Conversely it is quite easy to make a polystyrene blank. You can generally get blocks of foam locally from insulation foam suppliers. The rocker templates are made from 1/8 inch masonite. They are attached to the block with nails and you then slice the foam with a harp, strung with a piece of nicrome wire, that is powered by a variac. A variac is a voltage regulator. For the foam, look in the yellow pages under insulation and look for a supplier of foam. Almost every major city has at least one. For the variac, they are available from Wicks aircraft. They have a nice voltage regulator for hot wiring for about $100. I think they also have wire. They have an online catalogue at The harp is just a piece of plywood cut in a U with the wire strung across the open end. It has to be wide enough to fit across the foam your cutting and deep enough to cut the thickness of the blank. Give yourself lots of room on that one. You attach the voltage regulator to each side of your harp (we use alligator clips), turn the regulator up to about 25 volts and your ready to cut. Set the wire on the templates that are attached on either side of the foam block and push the wire slowly through the foam. When you finish the deck, hook the wire under the templates and pull it through the bottom. It helps to have a fan blowing down the block of foam to cool the exposed wire that’s outside the block otherwise that portion of wire super heats and you break a lot of wires. After you’ve cut your blank, set it on a shaping rack bottom up. Get a piece of hot wire long enough to reach the length of the blank and about 2 feet extra. Attach a piece of wood (these are handles) to each end of this wire. Now attach the voltage regulator to each end of the wire. Now you need to find the middle of the blank and mark it on each end. You need a friend to hold one end of the wire while you hold the other. Set the voltage at about 70. Stretch the wire from end to end on the marked center of the bottom of the blank and turn on the variac and slowly pull the wire from the bottom of the blank to the deck. You now have the blank cut for the stringer. You need five bar clamps to glue up with. For a stringer you can use 1/8 or 1/4 inch Luan plywood which is available at Home Depot. This stuff doesn’t shape great but its easy to find and works. You can also use 3 mil PVC which comes in 4x8 sheets and is available from sign supply companies. Comes in colors and looks great. For gluing Luan you can use good old Elmer’s glue. For PVC there is a glue called Roo Glue that works well. You can probably find that on the web. When you glue up, you wet both sides of the stringer and both sides of the blank line up the parts and then bar clamp it together. And that’s about it.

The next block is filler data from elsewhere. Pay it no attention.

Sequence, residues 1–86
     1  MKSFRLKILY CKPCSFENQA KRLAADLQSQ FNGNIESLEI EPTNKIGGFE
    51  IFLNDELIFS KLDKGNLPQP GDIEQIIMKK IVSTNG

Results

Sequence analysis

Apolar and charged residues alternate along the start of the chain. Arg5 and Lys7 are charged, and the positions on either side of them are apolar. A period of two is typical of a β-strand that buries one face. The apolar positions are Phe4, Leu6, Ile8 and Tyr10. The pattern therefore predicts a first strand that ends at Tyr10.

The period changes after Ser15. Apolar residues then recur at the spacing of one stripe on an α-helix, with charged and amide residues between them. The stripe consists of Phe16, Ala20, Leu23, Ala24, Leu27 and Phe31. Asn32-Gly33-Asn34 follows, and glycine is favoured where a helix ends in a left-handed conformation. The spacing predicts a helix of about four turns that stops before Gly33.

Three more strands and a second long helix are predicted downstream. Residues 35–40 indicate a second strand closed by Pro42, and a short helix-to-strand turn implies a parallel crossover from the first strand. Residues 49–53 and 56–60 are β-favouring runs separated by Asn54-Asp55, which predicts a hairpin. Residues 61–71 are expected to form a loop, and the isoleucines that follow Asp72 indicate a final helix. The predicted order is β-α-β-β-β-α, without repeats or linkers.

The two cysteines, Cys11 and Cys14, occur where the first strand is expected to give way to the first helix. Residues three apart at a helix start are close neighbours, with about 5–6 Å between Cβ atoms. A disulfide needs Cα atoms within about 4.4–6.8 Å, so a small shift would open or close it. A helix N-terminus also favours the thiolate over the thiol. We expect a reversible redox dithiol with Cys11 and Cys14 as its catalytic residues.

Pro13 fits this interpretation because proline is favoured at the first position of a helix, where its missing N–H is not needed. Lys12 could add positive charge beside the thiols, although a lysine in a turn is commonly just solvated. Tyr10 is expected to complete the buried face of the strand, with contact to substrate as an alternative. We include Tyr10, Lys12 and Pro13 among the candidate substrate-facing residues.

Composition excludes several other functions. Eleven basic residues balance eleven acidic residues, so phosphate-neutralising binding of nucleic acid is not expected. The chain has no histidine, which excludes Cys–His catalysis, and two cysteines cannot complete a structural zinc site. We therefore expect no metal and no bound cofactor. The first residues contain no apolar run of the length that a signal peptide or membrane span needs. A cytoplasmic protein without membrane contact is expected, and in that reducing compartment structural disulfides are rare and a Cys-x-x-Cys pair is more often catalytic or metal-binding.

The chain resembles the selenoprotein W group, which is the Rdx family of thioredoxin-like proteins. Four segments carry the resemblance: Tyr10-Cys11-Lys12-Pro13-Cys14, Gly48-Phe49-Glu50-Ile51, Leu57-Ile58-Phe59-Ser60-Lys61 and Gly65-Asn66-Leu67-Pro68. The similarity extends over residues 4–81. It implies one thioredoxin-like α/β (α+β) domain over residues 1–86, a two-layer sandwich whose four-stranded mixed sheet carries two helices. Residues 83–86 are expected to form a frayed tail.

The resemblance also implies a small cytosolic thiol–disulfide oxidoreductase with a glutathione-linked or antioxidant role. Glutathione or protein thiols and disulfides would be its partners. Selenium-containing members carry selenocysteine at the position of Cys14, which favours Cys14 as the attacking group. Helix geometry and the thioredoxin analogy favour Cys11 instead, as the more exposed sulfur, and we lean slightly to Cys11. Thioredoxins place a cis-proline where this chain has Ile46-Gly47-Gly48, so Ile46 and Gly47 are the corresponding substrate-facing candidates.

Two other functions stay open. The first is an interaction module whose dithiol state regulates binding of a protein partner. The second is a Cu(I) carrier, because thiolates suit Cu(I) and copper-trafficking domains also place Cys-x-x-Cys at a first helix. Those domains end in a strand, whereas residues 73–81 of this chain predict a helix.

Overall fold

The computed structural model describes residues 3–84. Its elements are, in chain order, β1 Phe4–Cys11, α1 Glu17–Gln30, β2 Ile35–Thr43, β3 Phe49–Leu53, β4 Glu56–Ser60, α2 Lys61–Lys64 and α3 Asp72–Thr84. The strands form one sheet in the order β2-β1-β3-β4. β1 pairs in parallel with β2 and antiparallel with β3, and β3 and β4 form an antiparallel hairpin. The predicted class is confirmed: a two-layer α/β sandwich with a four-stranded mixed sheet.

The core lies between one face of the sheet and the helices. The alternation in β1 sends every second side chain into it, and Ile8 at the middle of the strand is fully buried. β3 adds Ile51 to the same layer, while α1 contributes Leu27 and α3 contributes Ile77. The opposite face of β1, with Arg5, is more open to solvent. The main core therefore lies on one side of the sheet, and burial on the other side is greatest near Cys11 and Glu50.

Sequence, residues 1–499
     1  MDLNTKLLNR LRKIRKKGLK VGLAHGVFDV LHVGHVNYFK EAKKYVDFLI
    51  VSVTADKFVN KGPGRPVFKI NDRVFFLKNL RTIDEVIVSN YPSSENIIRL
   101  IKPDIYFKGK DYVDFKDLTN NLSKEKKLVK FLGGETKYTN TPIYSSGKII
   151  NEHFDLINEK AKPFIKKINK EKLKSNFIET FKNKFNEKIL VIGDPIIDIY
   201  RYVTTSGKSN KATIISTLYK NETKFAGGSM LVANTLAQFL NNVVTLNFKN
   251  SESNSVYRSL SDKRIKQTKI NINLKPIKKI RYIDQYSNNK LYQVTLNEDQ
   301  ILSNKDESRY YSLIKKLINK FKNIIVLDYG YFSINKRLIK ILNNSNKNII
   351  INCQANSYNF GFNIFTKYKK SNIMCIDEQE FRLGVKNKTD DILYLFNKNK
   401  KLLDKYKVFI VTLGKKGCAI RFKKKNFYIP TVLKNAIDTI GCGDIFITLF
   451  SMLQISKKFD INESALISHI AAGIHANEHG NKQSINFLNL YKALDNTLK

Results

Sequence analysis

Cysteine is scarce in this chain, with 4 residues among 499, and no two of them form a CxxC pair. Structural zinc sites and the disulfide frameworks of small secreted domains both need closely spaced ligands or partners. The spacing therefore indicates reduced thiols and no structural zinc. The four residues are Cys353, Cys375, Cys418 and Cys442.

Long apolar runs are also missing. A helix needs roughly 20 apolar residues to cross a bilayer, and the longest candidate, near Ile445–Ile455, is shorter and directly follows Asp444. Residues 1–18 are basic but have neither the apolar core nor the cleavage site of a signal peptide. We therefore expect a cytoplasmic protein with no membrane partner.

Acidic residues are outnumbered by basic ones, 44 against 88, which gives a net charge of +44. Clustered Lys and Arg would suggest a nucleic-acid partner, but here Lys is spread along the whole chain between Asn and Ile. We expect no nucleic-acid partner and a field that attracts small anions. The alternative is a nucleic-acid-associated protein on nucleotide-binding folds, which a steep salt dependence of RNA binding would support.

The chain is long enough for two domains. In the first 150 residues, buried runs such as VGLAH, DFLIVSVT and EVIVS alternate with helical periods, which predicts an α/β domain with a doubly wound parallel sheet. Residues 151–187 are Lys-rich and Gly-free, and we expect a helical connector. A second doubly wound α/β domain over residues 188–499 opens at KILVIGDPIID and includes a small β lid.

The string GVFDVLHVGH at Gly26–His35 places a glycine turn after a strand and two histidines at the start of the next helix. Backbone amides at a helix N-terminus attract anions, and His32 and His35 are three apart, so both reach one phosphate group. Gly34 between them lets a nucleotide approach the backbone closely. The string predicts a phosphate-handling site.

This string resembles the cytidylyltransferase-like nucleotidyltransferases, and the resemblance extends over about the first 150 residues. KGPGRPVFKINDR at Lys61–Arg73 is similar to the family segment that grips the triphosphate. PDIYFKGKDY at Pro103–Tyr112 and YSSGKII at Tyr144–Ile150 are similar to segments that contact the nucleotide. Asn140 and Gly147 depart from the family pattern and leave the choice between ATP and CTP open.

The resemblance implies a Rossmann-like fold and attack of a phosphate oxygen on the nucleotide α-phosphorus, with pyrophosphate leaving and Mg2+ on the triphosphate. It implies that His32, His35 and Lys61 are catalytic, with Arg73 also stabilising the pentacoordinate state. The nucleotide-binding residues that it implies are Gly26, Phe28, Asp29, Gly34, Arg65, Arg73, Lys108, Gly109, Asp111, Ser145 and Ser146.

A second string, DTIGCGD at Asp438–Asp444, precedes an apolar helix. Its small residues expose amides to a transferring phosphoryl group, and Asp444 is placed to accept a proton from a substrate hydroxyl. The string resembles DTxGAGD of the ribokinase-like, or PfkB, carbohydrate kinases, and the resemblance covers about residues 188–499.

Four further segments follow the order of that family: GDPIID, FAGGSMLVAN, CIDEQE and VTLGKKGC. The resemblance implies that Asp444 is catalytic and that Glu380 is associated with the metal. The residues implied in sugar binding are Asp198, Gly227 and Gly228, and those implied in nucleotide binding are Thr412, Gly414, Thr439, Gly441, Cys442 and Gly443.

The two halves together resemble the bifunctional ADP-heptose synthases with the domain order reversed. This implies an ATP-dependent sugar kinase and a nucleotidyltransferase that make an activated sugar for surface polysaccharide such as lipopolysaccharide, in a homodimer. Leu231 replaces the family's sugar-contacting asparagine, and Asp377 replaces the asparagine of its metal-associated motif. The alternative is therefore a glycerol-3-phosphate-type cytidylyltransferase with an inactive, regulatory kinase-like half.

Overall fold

Crude - but flexible, effective and easy.